Major news outlets had called the election for Obama at about 11:20 p.m. Tuesday, but Mr. Romney delayed conceding until early Wednesday morning, when his advisers had determined there was no credible way to keep fighting, even as Florida remained too close to call with Obama slightly ahead. The president won all the other states he had taken in 2008, except Indiana and North Carolina. If Obama’s lead in Florida holds, he will have won the Electoral College 332 to 206.
In what was likely his final moment in the national spotlight, Romney wished Obama well.
“This is a time of great challenges for America, and I pray that the president will be successful in guiding our nation,” Romney told his supporters in Boston.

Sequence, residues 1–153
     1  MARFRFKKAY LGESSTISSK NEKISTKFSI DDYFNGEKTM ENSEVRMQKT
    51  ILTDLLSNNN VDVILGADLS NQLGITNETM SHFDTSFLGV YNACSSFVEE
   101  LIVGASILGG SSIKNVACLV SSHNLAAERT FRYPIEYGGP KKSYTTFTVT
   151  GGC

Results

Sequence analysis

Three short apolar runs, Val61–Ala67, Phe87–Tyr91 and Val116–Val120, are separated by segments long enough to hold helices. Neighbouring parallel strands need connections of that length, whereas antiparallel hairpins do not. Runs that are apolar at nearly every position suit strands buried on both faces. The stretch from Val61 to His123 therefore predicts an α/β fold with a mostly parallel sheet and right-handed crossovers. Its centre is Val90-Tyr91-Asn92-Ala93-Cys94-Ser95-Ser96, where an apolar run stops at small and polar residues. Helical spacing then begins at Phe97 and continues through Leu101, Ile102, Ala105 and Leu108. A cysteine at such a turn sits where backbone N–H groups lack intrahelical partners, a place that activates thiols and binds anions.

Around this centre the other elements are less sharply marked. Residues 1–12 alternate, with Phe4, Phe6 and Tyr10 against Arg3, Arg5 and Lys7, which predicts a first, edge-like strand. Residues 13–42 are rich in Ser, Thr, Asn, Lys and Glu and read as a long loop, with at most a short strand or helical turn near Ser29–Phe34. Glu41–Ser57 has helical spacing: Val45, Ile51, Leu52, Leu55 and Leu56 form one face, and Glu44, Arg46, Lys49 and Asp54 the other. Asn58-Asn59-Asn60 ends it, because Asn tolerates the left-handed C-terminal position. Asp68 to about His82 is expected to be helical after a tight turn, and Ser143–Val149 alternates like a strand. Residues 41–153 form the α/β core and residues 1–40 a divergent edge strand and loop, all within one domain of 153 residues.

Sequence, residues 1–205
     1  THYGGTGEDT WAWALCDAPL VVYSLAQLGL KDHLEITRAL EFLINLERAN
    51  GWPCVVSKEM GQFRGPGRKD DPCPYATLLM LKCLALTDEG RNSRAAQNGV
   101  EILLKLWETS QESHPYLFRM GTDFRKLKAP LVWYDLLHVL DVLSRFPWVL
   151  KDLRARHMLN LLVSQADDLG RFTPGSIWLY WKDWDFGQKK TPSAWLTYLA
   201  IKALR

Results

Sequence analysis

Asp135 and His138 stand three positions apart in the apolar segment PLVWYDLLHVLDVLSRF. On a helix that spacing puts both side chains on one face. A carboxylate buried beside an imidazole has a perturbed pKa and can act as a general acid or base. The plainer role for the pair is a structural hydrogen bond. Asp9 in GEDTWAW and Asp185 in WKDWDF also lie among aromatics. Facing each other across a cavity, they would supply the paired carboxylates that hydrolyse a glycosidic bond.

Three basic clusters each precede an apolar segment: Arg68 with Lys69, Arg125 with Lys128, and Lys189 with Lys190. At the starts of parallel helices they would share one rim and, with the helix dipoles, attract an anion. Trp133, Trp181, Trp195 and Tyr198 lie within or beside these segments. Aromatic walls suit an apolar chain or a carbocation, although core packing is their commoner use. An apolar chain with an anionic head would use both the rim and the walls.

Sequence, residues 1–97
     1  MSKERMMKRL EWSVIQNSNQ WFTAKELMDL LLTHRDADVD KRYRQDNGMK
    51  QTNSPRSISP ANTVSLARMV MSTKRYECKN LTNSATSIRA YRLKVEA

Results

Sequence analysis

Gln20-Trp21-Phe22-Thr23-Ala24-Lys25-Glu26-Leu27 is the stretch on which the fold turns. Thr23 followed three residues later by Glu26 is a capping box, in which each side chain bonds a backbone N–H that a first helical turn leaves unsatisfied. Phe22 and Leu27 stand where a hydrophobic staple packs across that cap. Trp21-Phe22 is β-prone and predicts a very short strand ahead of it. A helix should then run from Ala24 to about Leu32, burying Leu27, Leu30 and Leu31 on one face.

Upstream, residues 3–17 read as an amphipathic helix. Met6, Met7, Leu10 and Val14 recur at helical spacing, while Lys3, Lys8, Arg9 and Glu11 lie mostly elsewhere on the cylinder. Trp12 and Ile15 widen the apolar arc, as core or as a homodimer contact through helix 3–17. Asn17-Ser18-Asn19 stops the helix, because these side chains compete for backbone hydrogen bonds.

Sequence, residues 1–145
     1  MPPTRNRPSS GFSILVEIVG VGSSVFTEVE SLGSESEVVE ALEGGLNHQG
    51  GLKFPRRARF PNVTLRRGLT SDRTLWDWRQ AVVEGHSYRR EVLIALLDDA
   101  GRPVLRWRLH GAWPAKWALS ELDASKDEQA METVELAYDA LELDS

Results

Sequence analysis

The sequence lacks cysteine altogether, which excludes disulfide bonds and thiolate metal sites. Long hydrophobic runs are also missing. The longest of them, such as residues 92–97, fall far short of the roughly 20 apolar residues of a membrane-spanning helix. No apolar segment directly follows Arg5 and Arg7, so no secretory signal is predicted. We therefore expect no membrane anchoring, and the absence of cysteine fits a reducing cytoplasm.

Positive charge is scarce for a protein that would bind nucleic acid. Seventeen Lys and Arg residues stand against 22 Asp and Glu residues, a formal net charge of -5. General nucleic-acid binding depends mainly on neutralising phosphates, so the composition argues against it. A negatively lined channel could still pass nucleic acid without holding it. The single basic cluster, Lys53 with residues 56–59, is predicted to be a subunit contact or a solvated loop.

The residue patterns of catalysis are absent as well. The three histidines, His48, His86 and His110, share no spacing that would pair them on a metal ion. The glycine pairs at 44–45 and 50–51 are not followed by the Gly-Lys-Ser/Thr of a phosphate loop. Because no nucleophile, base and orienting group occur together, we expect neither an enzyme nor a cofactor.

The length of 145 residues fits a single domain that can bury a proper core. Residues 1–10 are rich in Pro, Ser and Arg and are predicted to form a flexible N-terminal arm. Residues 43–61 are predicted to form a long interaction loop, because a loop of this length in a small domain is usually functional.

But the outlook for a better atmosphere in Washington is uncertain at best.
Before Tuesday, Obama had suggested that his reelection would change the dynamic in Washington – that the people will have spoken, and that the Republicans would have to take heed. But the top Republican in Washington, House Speaker John Boehner, wasted no time Tuesday night in warning Obama that he and the Democrats are still not the only game in town.
“For two years, our majority in the House has been the primary line of defense for the American people against a government that spends too much, taxes too much, and borrows too much when left unchecked,” Mr. Boehner said.
In the Senate, where Democrats appear poised to build on their 53-to-47 majority, the threat of Republican filibusters will continue. Sixty votes are required to halt a filibuster.